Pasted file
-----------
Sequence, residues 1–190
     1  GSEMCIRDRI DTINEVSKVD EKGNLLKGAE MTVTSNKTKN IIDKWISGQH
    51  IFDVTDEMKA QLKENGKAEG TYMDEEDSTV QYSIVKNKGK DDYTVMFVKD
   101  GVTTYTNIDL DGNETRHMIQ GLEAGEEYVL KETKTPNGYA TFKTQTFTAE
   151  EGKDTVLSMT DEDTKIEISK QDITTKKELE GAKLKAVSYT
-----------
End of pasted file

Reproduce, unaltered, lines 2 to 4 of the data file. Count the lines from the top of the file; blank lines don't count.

     1  GSEMCIRDRI DTINEVSKVD EKGNLLKGAE MTVTSNKTKN IIDKWISGQH
    51  IFDVTDEMKA QLKENGKAEG TYMDEEDSTV QYSIVKNKGK DDYTVMFVKD
   101  GVTTYTNIDL DGNETRHMIQ GLEAGEEYVL KETKTPNGYA TFKTQTFTAE